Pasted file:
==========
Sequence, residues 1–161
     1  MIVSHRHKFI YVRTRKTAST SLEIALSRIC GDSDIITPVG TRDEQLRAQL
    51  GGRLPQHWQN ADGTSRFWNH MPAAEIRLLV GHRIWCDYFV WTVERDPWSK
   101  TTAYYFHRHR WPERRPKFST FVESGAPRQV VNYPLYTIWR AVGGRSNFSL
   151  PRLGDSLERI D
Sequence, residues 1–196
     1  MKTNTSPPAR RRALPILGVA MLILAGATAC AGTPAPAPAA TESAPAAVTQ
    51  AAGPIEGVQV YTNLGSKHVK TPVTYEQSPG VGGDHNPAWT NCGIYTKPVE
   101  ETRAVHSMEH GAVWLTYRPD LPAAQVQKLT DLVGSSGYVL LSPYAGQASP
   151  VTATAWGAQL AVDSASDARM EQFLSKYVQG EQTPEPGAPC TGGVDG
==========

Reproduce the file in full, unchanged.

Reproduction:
Sequence, residues 1–161
     1  MIVSHRHKFI YVRTRKTAST SLEIALSRIC GDSDIITPVG TRDEQLRAQL
    51  GGRLPQHWQN ADGTSRFWNH MPAAEIRLLV GHRIWCDYFV WTVERDPWSK
   101  TTAYYFHRHR WPERRPKFST FVESGAPRQV VNYPLYTIWR AVGGRSNFSL
   151  PRLGDSLERI D
Sequence, residues 1–196
     1  MKTNTSPPAR RRALPILGVA MLILAGATAC AGTPAPAPAA TESAPAAVTQ
    51  AAGPIEGVQV YTNLGSKHVK TPVTYEQSPG VGGDHNPAWT NCGIYTKPVE
   101  ETRAVHSMEH GAVWLTYRPD LPAAQVQKLT DLVGSSGYVL LSPYAGQASP
   151  VTATAWGAQL AVDSASDARM EQFLSKYVQG EQTPEPGAPC TGGVDG